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Re: Is it ok to use two step downs in parallel?
« Reply #8 on: October 17, 2021, 12:34:06 pm »
If the convertors have a common ground on the input and output then you can tie all grounds together.

If the convertor's grounds are not common, for example due to a low side current sense,  then you cannot tie them together.
Again I'm really sorry for asking stupid questions, but is there a benefit to having all grounds tied together? Or is it fine to have the input grounds tied together and have the outputs grounds separated
 

Offline Just_another_Dave

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Re: Is it ok to use two step downs in parallel?
« Reply #9 on: October 17, 2021, 01:13:15 pm »
If the convertors have a common ground on the input and output then you can tie all grounds together.

If the convertor's grounds are not common, for example due to a low side current sense,  then you cannot tie them together.

Additionally, a current loop is required in order to connect switched converters in parallel. Without a current loop in each converter (normally a peak current one is used) nothing guarantees that all of them deliver the same amount of power
 

Offline jeroen79

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Re: Is it ok to use two step downs in parallel?
« Reply #10 on: October 17, 2021, 01:13:28 pm »
Again I'm really sorry for asking stupid questions, but is there a benefit to having all grounds tied together? Or is it fine to have the input grounds tied together and have the outputs grounds separated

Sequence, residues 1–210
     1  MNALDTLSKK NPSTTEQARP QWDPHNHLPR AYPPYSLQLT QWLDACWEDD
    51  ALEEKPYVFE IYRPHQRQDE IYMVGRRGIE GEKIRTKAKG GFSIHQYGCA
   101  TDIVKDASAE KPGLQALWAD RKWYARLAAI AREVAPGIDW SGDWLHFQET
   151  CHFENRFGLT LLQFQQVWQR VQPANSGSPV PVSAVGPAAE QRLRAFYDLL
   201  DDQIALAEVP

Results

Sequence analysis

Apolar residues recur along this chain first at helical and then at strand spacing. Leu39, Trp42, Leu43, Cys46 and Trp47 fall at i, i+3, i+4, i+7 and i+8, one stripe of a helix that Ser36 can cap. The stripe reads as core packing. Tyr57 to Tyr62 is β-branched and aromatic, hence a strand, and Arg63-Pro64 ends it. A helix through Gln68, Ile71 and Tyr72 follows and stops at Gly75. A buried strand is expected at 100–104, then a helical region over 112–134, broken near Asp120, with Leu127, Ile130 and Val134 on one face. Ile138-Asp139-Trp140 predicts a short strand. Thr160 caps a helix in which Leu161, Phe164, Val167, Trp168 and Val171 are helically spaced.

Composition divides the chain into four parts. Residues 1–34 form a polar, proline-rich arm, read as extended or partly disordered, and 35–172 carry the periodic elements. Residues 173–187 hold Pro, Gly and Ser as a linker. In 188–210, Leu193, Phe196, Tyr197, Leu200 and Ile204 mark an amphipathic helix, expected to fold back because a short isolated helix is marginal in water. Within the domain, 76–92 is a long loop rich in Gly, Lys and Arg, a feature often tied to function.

Depends on what exactly you want to make.
Often when parts of a circuit communicate with each other it will by something referenced to ground.
 

Offline Sway07

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Re: Is it ok to use two step downs in parallel?
« Reply #11 on: October 17, 2021, 01:39:15 pm »
Again I'm really sorry for asking stupid questions, but is there a benefit to having all grounds tied together? Or is it fine to have the input grounds tied together and have the outputs grounds separated
Depends on what exactly you want to make.
Often when parts of a circuit communicate with each other it will by something referenced to ground.

The only communication between the two will be with a HDMI cable. I want to make a sort of a laptop powered by a RPI 400. So my goal is to power both the RPI 400 and the repurposed screens controller board from the 16 or so volts the charger provides.
I used to use two power adapters and I wanted to improve it by only using one. I also want to add two power banks in the future to make it fully portable. But that is a job for future me to handle :D